At this juncture Bishop Arnett proceeded to read the Episcopal Address. it is both unique and unusual. Unique, in the amount of historic data it contains; unusual, in its length. It fills 98 pages of the printed Journal, covers 50 topics, and comprises 37,324 words. It is felt that the reader will appreciate such portions of the Address as are set forth in the following paragraphs:

        We congratulate you as citizens of the commonwealth of humanity that we live in an age of religious liberty and toleration; an age of comparative theology, which has summoned the correlative forces of religion before the bar of public opinion, there to establish their claim to the right of public confidence and favor. In every contest, whether at home or abroad, it has been demonstrated that Revealed Religion is superior to Natural Religion in giving the real conception of God, his nature, attributes, and relations to the physical, spiritual, and intellectual world; the origin of man, his duty and destiny; the origin of evil, and its effect upon the physical, intellectual, and spiritual man; and the remedy for evil--the originating, meritorious, and receiving cause of salvation.

        The coordinate forces of Christianity were never more united than at this time; there is a general spirit of cooperation along the general lines of evangelization; the Evangelical Alliance of the world is bringing about a denominational reciprocity of respect and brotherly love. There is more unity of action on the great subjects now than has ever been before. Never in the history of the world were the auxiliary forces of the Church of God so active and so efficient. The Missionary Society, the Sunday school, the Bible Society, the Tract Society, and the religious press are furnishing the world with a living ministry and an open Bible.

        The strength of the Church is seen in its power and the number of the subsidiary forces of Christianity which contribute directly or indirectly to the support and spread of the gospel of peace and good will. In fact, they modify our social, religious, and political life; build up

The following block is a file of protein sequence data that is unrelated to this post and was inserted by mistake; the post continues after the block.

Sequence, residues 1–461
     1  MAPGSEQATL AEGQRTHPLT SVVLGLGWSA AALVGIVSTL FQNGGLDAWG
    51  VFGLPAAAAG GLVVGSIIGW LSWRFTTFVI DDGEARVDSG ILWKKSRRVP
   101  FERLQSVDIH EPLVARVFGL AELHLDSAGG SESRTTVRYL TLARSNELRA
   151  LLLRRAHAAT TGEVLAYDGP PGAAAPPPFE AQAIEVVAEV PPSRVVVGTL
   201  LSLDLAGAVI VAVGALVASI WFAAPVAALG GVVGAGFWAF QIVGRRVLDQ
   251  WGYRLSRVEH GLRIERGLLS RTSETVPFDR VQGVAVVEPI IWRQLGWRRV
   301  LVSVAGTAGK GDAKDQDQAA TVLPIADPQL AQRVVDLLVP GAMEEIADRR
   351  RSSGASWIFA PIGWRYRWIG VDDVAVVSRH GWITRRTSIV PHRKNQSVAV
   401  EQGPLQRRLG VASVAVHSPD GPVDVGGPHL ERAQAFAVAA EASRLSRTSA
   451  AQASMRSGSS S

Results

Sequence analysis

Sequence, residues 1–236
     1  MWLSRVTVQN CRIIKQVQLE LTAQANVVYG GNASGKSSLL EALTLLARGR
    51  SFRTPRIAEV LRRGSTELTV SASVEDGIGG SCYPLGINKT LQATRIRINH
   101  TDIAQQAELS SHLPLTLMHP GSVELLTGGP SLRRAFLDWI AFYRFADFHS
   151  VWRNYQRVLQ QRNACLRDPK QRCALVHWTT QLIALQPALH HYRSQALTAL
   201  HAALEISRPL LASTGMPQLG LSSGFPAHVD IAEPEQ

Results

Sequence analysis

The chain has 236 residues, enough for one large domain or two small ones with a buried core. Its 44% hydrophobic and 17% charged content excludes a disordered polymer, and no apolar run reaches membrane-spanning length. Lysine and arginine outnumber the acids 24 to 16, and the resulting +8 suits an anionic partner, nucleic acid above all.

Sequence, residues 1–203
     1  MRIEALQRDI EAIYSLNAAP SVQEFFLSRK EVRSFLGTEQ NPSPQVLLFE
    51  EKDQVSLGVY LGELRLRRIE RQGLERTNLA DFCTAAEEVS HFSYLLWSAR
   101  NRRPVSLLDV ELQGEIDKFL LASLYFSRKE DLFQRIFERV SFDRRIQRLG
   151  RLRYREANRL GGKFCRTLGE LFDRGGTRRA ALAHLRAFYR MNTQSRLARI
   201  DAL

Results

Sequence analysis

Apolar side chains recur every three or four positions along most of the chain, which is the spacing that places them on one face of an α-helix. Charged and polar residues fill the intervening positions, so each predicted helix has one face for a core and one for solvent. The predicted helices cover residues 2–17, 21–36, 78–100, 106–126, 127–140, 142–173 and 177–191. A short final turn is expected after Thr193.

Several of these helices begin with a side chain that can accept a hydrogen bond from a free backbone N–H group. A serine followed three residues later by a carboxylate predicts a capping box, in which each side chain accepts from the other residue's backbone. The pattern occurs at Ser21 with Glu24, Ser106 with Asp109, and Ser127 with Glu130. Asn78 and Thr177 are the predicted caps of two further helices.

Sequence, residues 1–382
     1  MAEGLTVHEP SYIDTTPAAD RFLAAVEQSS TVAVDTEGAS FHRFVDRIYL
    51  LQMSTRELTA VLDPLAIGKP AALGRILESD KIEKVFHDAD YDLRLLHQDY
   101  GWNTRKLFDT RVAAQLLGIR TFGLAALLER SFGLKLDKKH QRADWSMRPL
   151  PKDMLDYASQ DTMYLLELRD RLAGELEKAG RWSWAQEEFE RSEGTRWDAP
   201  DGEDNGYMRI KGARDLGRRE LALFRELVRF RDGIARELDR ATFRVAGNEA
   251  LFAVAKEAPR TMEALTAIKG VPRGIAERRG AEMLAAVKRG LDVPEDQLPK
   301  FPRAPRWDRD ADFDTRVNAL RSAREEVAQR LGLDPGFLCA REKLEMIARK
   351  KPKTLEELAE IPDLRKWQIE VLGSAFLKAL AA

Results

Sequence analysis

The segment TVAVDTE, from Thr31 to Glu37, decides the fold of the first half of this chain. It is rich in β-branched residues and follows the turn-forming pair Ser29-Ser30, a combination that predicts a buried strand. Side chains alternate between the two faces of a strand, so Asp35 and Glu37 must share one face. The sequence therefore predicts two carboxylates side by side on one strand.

Page 196

or destroy political parties; found institutions of learning; harness the secular press which furnishes Christian literature for the poor; organize the womanhood of the race into an army to fight intemperance, the foe of home and country; call young men and young women of all denominations to meet beneath the shadow of the cross to declare war against the social evils of the day and encourage denominational loyalty.

        We have great reason to rejoice that we live in this wonderful age which furnishes us with so many opportunities to do good and to work for the elevation of our race and the salvation of mankind.

        That the moral and religious leaders and teachers of the people should be trained is self-evident, and is in harmony with the demands of the age--wise statesmanship and churchmanship; for as a disciplined army demands a disciplined commander, so an intelligent and trained pew demands a good, intelligent, and trained ministry. The leaders of the African Methodist Episcopal Church from its beginning recognized the necessity of an intelligent organization, and a wise administration of the laws, usages, and customs of Methodism; therefore, they have always in a greater or less degree encouraged and supported the education of the people, and have been the pioneers of ministerial education, industrial training, and normal schools where some are taught how to teach others.